Even after Jordan retired for the second time and Bulls GM Jerry Krause gutted the roster for salary cap space, the resentment lingered. The stigma of anti-fanship didn't really die out until 2000 or so, when Krause finally traded away Toni Kukoc and Dickey Simpkins, the last remnants of those championship teams. I shifted my focus to baseball and hockey, and whatever taunting I went through during the '96 Finals was either forgotten or dismissed as juvenilia. I went from a small, close-knit grammar school where I finished 6th grade with 29 other kids, to a high school where I graduated with 499 of my peers, and maybe a handful were semi-aware of my odd fanship. When the Sonics closed up shop and moved nearly 1,600 miles in 2008, I barely batted an eyelash.

So do I support the Bulls now? Yes, though not with the same passion I display for the Royals or Blackhawks. Watching this potential new dynasty blossom has been both a relief after years of losing, but also an opportunity to look back at my awkward childhood and the mistakes I might've made. In the wake of "The Decision," LeBron James and company have become the supposed villains of the NBA, which only makes this Bulls team all the easier to root for. As such, I'm also disappointed that Miami has now taken a near-insurmountable 3 games to 1 lead. If Miami wins Game 5, I'll shift my fairweather support to whoever wins the west, whether that'd be the Dallas Mavericks or the OKC Thunder... formerly known, of course as the Seattle Supersonics.

Next Week: the year in music, 1998.

*This girl came from a family of athletes, so she knew her stuff. She was later the captain of the varsity volleyball team in high school, and her older brother was a low-level draft pick by the Milwaukee Brewers in 2001.


  1. I too was bored with the Bulls by the second dynasty. I still watched, but the first 3-peat will always be sweeter, and the 1st championship is the sweetest of them all.

    As for your Sonics fanism ("icon"? Really, Stu? =P It's "logo" !) is a direct result of the explosion of the sports memorabilia industry, and a terrible, awful Chicago sports time (sans the Bulls) in the 1990's. Before about 1991 there was very little Chicago team gear available - you had to go to K-Mart or Sears to get some cheap stuff. Then suddenly these little stores & Sportmart popped up, and they had caps, shirts & jerseys of almost every team.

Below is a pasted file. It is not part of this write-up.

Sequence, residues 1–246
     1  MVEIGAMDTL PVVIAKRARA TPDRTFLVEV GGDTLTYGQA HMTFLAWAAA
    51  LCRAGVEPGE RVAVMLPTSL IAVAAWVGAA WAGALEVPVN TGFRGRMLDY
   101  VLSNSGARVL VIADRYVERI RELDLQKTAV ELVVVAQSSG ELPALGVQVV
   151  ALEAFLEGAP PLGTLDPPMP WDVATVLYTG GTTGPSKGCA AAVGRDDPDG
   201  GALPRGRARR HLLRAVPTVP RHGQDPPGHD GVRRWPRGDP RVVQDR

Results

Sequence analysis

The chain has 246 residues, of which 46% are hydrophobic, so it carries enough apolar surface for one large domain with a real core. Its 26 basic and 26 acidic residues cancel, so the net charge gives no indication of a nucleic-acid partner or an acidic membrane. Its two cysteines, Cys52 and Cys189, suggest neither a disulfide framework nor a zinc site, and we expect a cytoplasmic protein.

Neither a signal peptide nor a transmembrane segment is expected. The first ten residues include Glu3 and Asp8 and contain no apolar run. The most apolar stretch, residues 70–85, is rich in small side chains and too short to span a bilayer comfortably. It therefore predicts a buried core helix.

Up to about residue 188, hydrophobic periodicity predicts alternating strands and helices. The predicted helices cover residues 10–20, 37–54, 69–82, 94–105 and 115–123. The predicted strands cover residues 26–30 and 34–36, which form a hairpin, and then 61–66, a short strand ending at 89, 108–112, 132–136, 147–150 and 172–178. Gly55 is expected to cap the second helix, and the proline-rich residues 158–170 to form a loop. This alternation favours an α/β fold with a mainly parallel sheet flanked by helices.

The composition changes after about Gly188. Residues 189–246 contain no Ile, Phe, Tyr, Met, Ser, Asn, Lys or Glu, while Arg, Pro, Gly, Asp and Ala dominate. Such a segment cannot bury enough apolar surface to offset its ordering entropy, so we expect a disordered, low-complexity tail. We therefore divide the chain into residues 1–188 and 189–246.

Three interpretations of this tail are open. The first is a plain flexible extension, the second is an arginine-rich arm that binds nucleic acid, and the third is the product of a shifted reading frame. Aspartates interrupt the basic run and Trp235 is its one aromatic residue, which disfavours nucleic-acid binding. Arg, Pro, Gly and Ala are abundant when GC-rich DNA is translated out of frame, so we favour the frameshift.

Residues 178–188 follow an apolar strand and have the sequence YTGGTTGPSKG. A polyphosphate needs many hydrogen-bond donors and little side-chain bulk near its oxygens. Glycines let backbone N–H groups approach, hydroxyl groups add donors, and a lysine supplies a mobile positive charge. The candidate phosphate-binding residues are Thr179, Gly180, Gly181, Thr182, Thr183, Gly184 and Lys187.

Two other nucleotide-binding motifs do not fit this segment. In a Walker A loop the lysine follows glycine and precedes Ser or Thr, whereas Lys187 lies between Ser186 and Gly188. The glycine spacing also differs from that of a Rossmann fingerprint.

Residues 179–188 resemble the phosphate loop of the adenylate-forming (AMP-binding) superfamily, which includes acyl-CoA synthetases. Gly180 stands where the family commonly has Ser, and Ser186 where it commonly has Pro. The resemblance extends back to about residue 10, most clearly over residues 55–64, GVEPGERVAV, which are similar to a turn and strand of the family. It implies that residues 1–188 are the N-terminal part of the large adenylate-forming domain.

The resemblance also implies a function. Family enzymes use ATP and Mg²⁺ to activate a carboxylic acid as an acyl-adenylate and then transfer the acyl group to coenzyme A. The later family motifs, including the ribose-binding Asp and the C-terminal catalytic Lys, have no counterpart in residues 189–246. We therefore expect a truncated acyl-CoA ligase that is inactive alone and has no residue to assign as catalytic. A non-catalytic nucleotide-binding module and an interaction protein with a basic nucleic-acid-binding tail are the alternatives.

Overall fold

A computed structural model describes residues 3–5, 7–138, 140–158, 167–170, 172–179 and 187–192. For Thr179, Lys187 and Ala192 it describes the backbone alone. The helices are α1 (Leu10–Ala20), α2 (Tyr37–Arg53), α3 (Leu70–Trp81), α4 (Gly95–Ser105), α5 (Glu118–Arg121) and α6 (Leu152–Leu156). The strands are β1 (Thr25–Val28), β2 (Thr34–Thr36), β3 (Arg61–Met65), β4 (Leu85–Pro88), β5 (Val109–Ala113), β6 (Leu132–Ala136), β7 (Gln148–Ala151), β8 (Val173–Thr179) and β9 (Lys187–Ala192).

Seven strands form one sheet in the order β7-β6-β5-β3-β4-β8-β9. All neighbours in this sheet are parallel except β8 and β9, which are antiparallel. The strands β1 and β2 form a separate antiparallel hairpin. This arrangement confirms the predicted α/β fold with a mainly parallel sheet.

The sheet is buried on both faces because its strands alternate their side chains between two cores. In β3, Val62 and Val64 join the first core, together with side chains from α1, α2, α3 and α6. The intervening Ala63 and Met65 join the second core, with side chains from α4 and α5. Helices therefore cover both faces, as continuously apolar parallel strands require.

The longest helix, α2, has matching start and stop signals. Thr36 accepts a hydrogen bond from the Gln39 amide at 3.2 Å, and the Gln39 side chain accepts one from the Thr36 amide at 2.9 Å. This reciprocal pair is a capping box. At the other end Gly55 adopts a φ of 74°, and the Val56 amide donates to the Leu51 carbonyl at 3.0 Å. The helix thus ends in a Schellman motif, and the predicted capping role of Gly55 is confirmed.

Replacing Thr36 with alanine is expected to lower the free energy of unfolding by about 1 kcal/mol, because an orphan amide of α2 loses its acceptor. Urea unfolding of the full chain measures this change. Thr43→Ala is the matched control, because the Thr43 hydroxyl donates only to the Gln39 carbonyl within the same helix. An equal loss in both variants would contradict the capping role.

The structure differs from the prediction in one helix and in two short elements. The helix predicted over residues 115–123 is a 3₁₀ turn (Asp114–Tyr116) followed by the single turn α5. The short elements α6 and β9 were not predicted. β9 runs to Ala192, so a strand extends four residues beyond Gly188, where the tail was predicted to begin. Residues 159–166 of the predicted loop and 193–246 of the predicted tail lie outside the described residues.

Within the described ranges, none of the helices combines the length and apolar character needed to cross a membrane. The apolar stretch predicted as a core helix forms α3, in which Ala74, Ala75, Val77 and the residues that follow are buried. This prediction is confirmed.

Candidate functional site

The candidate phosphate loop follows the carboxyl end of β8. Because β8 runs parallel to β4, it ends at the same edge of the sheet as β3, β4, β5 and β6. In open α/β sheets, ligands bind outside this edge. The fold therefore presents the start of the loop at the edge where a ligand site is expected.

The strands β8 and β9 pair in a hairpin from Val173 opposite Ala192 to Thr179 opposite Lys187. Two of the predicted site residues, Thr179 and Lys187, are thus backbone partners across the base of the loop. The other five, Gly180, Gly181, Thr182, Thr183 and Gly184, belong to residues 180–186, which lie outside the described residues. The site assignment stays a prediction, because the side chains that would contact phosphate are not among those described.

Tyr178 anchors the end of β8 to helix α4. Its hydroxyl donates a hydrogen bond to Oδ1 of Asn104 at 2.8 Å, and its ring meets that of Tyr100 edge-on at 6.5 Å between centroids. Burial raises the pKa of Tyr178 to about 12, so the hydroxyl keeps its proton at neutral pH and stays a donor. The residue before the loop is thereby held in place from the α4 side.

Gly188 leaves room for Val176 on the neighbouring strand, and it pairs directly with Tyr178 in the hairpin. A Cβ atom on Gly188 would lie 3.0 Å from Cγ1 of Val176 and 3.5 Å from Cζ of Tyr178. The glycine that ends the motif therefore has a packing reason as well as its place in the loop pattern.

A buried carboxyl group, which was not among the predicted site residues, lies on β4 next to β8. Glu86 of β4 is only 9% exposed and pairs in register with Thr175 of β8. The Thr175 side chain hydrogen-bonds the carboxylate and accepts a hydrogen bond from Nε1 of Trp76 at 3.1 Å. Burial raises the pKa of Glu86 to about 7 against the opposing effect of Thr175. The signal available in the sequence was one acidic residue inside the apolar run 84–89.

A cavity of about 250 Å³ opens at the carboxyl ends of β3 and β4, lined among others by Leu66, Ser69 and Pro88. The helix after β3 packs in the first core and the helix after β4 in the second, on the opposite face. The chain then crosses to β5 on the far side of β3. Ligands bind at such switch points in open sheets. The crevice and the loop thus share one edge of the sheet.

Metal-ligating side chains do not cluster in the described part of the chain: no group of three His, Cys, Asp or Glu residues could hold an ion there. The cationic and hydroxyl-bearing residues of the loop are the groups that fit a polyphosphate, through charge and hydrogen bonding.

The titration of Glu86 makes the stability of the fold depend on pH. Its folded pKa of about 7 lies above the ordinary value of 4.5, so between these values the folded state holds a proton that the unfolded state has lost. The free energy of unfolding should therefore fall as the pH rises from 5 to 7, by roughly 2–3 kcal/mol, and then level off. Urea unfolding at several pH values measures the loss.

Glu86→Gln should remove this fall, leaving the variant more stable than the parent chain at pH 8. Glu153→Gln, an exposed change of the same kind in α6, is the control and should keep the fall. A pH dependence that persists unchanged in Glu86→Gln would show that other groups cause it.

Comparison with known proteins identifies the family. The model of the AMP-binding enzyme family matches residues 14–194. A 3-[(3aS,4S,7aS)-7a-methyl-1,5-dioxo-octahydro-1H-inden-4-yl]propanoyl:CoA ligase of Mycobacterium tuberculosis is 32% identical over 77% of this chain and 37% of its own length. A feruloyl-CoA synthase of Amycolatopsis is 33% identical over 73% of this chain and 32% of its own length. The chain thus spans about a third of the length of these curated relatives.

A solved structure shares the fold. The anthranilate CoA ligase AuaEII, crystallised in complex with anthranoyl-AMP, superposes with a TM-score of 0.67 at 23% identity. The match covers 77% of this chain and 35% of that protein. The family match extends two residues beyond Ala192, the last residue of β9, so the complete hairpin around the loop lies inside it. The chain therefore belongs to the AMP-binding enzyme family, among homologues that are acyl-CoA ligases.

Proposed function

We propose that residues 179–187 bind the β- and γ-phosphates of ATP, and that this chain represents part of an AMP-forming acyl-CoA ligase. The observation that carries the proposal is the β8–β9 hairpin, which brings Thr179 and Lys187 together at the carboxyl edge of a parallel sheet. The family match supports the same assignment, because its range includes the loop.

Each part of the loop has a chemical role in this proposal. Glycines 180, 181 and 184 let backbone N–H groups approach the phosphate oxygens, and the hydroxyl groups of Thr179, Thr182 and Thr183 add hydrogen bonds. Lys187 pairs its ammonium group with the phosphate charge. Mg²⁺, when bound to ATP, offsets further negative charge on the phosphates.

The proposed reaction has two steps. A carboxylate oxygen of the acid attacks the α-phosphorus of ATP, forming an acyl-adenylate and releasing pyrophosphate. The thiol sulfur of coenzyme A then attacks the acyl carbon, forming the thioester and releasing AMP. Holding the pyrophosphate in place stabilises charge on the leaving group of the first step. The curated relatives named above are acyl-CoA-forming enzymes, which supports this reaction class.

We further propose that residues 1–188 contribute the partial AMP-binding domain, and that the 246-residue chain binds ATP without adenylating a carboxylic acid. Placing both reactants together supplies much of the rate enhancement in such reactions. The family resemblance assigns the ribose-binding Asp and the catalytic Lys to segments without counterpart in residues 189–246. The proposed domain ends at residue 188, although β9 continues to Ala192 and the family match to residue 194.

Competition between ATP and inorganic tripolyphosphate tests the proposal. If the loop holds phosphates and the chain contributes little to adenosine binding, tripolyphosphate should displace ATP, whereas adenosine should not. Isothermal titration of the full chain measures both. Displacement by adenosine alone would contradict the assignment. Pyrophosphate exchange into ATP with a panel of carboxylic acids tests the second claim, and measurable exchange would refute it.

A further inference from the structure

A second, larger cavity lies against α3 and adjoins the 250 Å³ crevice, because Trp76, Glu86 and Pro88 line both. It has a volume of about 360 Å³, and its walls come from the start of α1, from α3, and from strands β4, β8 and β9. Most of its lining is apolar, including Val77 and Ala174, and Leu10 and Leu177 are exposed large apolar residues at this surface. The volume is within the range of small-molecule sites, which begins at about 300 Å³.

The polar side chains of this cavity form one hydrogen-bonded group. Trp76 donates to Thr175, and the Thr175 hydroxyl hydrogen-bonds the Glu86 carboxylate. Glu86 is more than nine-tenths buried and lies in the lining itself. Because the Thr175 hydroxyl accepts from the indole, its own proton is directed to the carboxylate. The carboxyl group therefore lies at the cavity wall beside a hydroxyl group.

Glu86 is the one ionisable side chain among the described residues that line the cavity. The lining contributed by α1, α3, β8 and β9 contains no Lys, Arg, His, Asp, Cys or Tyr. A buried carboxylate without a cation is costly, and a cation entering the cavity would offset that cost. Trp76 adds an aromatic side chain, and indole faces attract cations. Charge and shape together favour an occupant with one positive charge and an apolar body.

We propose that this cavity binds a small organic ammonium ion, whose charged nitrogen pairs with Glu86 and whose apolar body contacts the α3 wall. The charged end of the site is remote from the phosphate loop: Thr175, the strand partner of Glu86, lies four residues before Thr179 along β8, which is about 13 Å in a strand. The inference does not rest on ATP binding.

Things were so bad, I was sporting caps & shirts of different teams I really didn't care about (my mom bought most that stuff because I didn't really care what I wore), and at times I dabbed in considering being a Cardinals & Brewers fan, but the Brewers moved to the N.L. & the bogosity of the 1998 HR chase, so I became Chicago 4-exclusive fan again & Dave Wannstedt getting fired made me a Bears fan again. That really sucked when Ditka was fired, tho the team was obviously in decline for years, and then suddenly the Packers fanism started infiltrating, which was awful.

    The thing about Elementary & Middle school, is the mob mentality on the social scene & in the classroom. Of course we all wanted to pick our noses, fart and scream our heads off, but we knew that if we did that, we would be social suicide & relentlessly tormented by our peers, and we were always monitoring each other under watchful eyes. Children are cruel and it's best not to be different or throw a hissy fit, otherwise there will be hell to pay. And why didn't you say "fuck you" to that girl?? I remember I had plenty of fights ragging on Cubs fans.